One thing each person can do to make life sweeter is to be grateful.
"Could I suggest that we see gratitude as a disposition, a way of life that stands independent of our current situation," he said. "In other words, I'm suggesting that instead of being 'thankful for things' we focus on being 'thankful in our circumstances — whatever they may be."
President Uchtdorf said people can choose to be grateful in the midst of tribulation like Job, the Book of Mormon prophet Nephi, the Mormon pioneers or the LDS Prophet Joseph Smith.
He called being "grateful in our circumstances" an act of faith in God.
Another way to confront sorrow and grief is to consider eternal perspective. He said all of God's children are made of the stuff of eternity: "Endings are not our destiny.
"The more we learn about the gospel of Jesus Christ, the more we realize that endings here in mortality are not endings at all," he said. "They are merely interruptions — temporary pauses that one day will seem small compared to the eternal joy awaiting the faithful."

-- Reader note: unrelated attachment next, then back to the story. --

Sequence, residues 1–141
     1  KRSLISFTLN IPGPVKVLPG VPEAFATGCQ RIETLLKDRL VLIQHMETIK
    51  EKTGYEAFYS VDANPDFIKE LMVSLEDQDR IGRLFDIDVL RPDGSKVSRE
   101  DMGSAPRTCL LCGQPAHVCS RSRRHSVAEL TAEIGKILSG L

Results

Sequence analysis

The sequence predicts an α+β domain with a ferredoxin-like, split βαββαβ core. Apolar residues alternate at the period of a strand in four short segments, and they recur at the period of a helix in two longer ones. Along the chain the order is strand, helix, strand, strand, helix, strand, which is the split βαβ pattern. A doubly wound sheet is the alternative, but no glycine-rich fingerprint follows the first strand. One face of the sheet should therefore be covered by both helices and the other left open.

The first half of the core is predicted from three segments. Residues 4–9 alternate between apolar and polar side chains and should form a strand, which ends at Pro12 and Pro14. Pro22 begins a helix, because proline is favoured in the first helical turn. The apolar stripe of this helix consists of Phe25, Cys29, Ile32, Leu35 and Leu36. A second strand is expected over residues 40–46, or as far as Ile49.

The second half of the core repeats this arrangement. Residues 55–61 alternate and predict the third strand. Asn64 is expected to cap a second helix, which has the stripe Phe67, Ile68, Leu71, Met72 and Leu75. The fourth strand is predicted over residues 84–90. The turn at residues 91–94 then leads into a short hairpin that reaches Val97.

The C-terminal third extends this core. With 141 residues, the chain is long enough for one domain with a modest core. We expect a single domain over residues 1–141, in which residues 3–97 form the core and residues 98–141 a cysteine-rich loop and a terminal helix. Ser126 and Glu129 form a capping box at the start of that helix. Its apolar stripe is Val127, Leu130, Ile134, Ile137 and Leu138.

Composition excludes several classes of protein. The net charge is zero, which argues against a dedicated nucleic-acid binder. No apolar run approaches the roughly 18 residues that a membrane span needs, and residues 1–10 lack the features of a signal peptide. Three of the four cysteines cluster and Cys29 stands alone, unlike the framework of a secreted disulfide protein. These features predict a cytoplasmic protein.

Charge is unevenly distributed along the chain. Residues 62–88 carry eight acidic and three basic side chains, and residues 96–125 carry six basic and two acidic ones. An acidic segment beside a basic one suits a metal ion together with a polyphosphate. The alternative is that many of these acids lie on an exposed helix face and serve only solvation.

Elder M. Russell Ballard of the Quorum of the Twelve spoke about "following up," and did so by following up on two messages he shared at previous conferences.
He again encouraged members to pray to be led to someone they could invite to learn about the church in the next three months.
"There is much more to missionary work for members than simply extending invitations to people to listen to the missionaries," he said. "It also includes follow up with the missionaries in the cultivation of faith, the motivation to repentance, the preparation for making covenants and enduring to the end."
He invited all members to obtain a copy of "Preach My Gospel," the church's missionary guide, and read, study it and tell the church's full-time missionaries they are reading it.
"Together, we can follow up on our invitations, take others by the hand, lift them up and walk with them on their spiritual journey."
Elder David A. Bednar of the Quorum of the Twelve suggested members could look differently at their burdens. He used the story of a friend whose truck was stuck in the snow until he unwittingly freed it by filling it with firewood he cut nearby.